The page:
A few weeks ago I strained my lower back. It may surprise you because yes, I am a yoga therapist specialised in back pain. In fact, I wouldn’t have specialised in yoga for back pain if I didn’t know what back pain is like. I probably demonstrated a pose too quickly and without proper warm-up and the next day a painful tightness gripped the lower part of my spine and hindered fluid movements. It didn’t feel like something that could easily be stretched out. When you strain your lower back, part of the healing will just involve time. However, there are several things you can try to prevent it from getting worse. In this blog I discuss the three measures I took to ease lower back strain within a few days.
- Avoid movements that hurt
When I strained my lower back, I had to avoid backbends in my yoga practice, but I also avoided certain daily movements that are taxing for the back. Especially when your back hurts it is important to be more careful with lifting, sitting for long stretches at a time, bending forward, etc. All the frequent daily movements that may hurt your back are discussed in my free “Keep Your Back Safe At Home Guide”. If you don’t have it yet, do subscribe to this blog and you will receive all the tips in your inbox.
Allowing your back to heal may also require a few temporary sacrifices, such as not going for a run this week or cancelling the tennis match you had planned.
- Keep your lower back warm
Muscles relax when they are warm, so unless there is obvious inflammation, it is important to keep the painful area warm. For the lower back, I personally like a scarf or hot water bottle, but there are of course also some more modern ways, various ‘heat packs’ to keep the lower back warm.
- Do small releasing movements at least once a day.
In terms of yoga, many small releasing movements can help ease lower back strain and tightness. It is essential to avoid anything that increases the pain, so unless they hurt, try some of the following exercises once or twice a day.
Because back pain can also be caused or aggravated by stress, do take time to do these movements slowly and mindfully. The rest position at the end, in which you allow your mind to purely focus on the breath, is very important too.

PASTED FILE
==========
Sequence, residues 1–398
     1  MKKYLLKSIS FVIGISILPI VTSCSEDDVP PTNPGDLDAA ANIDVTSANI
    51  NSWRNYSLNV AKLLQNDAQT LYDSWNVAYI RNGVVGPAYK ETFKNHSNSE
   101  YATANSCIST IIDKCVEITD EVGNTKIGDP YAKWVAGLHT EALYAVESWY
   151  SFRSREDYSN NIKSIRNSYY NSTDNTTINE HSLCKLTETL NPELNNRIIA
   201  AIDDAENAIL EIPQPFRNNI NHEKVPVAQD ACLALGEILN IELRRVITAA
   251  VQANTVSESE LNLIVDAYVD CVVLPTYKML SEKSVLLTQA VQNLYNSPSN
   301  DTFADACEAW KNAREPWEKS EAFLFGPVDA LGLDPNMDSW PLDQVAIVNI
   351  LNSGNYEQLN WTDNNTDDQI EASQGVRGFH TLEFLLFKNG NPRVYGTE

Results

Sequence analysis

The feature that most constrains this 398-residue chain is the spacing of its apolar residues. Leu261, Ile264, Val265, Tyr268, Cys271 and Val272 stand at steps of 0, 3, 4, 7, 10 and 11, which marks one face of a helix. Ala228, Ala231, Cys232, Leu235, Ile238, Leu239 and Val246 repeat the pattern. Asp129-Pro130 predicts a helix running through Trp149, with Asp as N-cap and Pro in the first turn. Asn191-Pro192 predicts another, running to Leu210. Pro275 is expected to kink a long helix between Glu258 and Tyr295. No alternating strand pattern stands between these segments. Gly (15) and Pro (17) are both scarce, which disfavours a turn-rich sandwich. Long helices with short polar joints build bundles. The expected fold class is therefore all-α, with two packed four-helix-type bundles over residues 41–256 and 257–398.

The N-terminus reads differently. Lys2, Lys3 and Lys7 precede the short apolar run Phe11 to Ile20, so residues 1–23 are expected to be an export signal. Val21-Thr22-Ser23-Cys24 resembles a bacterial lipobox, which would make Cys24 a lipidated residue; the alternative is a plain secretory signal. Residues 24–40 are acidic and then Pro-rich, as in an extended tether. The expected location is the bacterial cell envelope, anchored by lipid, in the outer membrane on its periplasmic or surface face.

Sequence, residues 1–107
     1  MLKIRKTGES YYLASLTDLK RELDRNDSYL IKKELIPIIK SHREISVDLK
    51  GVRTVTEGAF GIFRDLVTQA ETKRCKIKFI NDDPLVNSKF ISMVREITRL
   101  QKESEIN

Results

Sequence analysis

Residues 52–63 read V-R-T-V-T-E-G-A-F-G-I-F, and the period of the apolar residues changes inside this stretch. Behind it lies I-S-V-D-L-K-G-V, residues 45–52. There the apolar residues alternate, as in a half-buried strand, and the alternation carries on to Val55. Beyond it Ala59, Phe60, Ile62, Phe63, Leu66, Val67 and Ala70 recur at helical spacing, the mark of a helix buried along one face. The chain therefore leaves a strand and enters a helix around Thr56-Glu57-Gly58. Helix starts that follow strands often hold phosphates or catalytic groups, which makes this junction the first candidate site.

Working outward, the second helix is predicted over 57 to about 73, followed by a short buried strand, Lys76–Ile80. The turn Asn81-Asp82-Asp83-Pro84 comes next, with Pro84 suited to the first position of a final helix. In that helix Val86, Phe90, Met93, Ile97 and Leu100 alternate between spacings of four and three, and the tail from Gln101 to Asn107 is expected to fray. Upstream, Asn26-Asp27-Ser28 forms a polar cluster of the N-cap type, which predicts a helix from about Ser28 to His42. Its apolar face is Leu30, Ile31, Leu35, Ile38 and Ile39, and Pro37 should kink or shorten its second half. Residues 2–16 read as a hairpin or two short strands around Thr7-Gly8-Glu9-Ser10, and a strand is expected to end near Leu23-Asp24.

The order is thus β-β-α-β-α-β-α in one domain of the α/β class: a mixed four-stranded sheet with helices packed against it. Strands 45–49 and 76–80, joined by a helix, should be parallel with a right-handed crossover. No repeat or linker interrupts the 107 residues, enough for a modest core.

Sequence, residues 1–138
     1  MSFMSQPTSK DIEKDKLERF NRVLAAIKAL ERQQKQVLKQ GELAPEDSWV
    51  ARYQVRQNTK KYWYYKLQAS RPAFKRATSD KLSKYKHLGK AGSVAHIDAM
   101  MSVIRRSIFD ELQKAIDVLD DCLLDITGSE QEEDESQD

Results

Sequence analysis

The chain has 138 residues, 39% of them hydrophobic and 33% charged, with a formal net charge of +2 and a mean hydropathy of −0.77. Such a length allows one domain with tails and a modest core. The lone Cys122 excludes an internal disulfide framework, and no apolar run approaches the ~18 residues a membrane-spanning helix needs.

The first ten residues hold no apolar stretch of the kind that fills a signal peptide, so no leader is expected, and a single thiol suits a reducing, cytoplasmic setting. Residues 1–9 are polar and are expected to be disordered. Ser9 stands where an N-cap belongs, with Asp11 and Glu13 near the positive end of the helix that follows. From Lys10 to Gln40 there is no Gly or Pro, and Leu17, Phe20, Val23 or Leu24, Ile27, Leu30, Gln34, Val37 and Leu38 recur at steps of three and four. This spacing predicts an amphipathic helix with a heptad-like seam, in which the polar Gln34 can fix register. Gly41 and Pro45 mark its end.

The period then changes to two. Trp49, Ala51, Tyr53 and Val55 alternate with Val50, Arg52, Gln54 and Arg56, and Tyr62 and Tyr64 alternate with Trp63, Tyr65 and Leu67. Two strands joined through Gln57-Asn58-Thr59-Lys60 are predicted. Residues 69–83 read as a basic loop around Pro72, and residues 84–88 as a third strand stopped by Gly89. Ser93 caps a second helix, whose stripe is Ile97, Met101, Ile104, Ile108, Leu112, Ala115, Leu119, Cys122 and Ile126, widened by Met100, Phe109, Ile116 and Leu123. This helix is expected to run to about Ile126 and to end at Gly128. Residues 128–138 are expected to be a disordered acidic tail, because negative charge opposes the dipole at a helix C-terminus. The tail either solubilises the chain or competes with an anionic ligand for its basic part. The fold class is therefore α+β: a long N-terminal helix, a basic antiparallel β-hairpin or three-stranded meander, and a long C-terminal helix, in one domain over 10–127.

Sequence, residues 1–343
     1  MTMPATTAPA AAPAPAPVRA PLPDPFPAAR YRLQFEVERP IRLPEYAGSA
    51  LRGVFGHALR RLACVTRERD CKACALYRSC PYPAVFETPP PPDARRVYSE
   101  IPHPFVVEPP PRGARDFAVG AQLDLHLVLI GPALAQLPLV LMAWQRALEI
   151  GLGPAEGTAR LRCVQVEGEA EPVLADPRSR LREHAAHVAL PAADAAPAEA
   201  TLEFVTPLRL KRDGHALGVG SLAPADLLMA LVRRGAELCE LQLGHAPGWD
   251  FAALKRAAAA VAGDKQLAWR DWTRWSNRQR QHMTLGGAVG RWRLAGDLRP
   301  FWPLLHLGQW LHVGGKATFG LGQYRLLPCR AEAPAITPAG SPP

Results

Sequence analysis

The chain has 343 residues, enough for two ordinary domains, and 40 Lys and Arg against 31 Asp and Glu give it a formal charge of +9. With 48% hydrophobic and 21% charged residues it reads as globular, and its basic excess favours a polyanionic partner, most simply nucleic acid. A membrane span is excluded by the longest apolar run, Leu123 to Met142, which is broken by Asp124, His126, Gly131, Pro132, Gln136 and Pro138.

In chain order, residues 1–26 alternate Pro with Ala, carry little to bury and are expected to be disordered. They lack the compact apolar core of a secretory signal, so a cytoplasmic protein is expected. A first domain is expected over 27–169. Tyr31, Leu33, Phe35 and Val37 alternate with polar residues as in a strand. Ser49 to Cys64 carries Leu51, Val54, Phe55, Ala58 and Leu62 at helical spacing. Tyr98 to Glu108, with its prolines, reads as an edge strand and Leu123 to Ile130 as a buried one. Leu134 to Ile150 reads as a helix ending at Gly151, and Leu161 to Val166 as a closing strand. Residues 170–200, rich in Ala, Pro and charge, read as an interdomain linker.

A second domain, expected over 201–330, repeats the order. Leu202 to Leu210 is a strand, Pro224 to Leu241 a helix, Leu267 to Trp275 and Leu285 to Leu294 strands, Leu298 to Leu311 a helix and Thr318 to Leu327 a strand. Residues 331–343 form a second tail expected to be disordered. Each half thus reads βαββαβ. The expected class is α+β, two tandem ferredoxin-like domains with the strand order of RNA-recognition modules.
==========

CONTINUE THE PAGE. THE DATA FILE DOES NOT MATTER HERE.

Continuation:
Hugging one knee
-Hold one knee in a relaxed way towards the chest while the other leg is extended on the floor.
-Roll your head from side to side slowly, with the breath: exhaling while you roll the head to one side and inhaling to bring it back to centre.
Pelvic tilt and Circle
-Lying on the back with the legs bent and feet on the floor, exhale and put weight on the feet to lower the back of the waist on the floor. Inhale and release. Repeat 8-10x times.
-Now change the tilting movement of the hips to a circular one: imagine a clock on the lowest part of your back. Shift the weight of the pelvis around the numbers of the clock, first clockwise and the anti-clockwise 4-6x. It is only a small movement so you don’t lift the hips off the floor.
(Avoid the positions below when you suspect a herniated disc, e.g. when the pain is excruciating or when you have shooting pain down your leg. If this is the case, simply rest in the most comfortable position, either with the legs extended or bent.)
-Place one hand on each knee and bring both knees a little closer to the chest when you exhale. Make sure not to lift the lower back off the floor.
-Inhale and bring the knees further away form you, with the arms extended. Repeat for about a minute.
-Lie on the back with the arms extended to the side, the feet together on the floor and the knees together.
-Exhale and lower the knees halfway to one side. The head looks away from the knees.
-Inhale the knees to the centre and exhale them to the other side.
-Keep this a gentle movement without forcing the knees down.
-Starting on hands and knees, first move back and forth between all fours and the child position: exhale to the child and inhale to all fours. Repeat 5-7x
-Stay in the child for a few breaths. Place the elbows on the floor to keep the shoulders relaxed. The hands can also point back towards the feet if that is more comfortable. Alternatives to the child position are explained in this blog.
If it is comfortable, rest with your legs on a chair, bent 90 degrees, maybe with a cushion under your head.
-Alternatively, lie on your back with the legs bent.
-Place your hands are on the abdomen and simply observe the movement underneath your hands when you breathe. Give your mind and body at least 5 minutes rest in this way.
Finally, to keep the lower back stronger and less prone to strains, it is important to keep the abdominal muscles strong. How to do this with a painful back is the subject of my 5 video sessions. Try the first one for free here